St. Paul mayoral candidates discuss East Side issues

Six of the 10 St. Paul mayoral candidates discussed issues related to the East Side during a forum at Metropolitan State University on Sept. 22. 

The Friday evening event included Tom Goldstein, a former St. Paul Public School board member; Tim Holden, a real estate investor; Elizabeth Dickinson, the Green Party-endorsed candidate; Dai Thao, current St. Paul City Council member for Ward 1; Pat Harris, a former St. Paul City Council member and senior vice president at BMO Harris Bank; and Melvin Carter, a former St. Paul City Council member who is now executive director of the Minnesota Children’s Cabinet. 

The candidates talked about trash collection, promoting the East Side, city subsidies and more with questions from  both the audience and from the moderator, Metropolitan State University political science professor Matthew Filner. The forum was organized by the Metropolitan State University Student Senate.

The three-hour forum was split into two, 40 minute sessions, one about the East Side and one about education, with time before and after the forum for visitors to speak one-on-one with the candidates.

While the original order was going to be higher education and then East Side issues, the sessions were flipped as more audience members were interested in discussing the East Side.


East Side investment

The forum began with Sen. Foung Hawj asking the candidates what specific plans they have for East Side investment.

Goldstein said there are many opportunities to invest on the East Side because of the many available vacant lots. “[The] East Side is a prime place where jobs are needed,” he said, adding he sees job creation as an important East Side investment. 

Thao said the first thing he would invest in on the East Side is public safety, installing adequate lighting to create “peace of mind.” He said he’d also like to invest in affordable housing and would propose a soda tax at the distribution level that would be used towards education.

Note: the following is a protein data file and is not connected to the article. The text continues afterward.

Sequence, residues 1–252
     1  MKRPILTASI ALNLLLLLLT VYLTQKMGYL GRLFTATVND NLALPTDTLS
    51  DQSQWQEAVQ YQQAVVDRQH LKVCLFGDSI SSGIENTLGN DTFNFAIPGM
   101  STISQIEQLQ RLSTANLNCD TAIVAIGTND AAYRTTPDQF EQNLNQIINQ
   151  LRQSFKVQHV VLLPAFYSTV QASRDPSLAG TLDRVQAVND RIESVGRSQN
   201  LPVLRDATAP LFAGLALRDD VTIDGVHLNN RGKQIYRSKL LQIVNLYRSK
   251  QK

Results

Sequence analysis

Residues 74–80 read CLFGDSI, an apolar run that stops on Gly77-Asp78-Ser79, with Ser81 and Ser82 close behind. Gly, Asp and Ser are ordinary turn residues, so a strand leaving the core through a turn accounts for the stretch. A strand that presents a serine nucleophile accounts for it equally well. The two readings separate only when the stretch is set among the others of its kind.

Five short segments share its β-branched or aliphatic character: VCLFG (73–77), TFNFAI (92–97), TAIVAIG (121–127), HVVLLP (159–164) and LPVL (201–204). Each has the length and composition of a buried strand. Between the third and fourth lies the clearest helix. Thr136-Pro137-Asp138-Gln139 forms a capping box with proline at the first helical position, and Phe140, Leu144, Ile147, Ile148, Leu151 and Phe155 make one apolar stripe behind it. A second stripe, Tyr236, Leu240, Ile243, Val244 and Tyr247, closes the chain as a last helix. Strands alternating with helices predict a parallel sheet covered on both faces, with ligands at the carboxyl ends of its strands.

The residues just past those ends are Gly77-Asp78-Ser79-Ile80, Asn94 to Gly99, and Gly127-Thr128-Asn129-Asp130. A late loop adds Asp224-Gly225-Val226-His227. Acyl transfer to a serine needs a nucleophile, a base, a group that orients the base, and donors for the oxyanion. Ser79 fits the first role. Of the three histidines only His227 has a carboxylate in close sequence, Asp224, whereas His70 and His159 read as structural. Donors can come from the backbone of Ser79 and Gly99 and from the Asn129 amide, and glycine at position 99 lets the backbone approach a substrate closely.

Dickinson said her East Side investment plan would be to attract more wind and solar power installations, located in empty lots like the old 3M site. She said she would also invest in high speed bus lines along White Bear Avenue and increase funding to grassroots organizations like the East Side Neighborhood Development Company. She said she’d also like to invest more money into parks and recreation centers.

Carter said he wants to invest in education by partnering with schools and recreation centers, adding he also wants to increase infrastructure investments on the East Side for things like bus lines and bike lanes. He said businesses could be assisted by helping them navigate the processes at City Hall.

Harris said that in addition to investments in public safety, libraries, parks and roads, he wants to create an investment program where targeted neighborhoods, like the East Side, Frogtown and Summit/University, would have access to capital.

Holden said he sees poverty as being the biggest issue on the East Side and wants to invest in creating jobs, and in recreation centers.


Tackling the ‘food desert’

An audience member described the East Side as being a “food desert,” meaning there are limited grocery stores and limited access to fresh food. The person asked how the candidates would address the issue.

Holden said it was the first time he had heard the term but believed the issue goes back to poverty, explaining that he wants to see more jobs being created.

Harris said he wants to make sure all neighborhoods have access to quality grocery stores. He pointed to the Cub Foods off Johnson Parkway and said he would like to replicate the “large-scale community effort” that created that development, for future grocery stores.

Carter acknowledged the East Side is a food desert, and said one way to solve the issue is to access the “deep agrarian traditions” of many of the cultures found on the East Side by encouraging more community gardens and urban agriculture. He pointed to the success of the Frogtown Farm and Park, an urban farm in the Frogtown neighborhood of St. Paul. He said investment should not just be geared to big grocery stores, but also smaller businesses owned by local families.

Dickinson said she would like to increase funding for buses that bring fresh food and produce into neighborhoods that have little access to them. She agreed with Carter that smaller, locally owned businesses should benefit, not just chain grocery stores.

Thao said he sees food deserts as a big problem, explaining they lead to obesity and health issues. He said he would like to see more community gardens and would encourage the Planning and Economic Development Department to use empty lots for such gardens.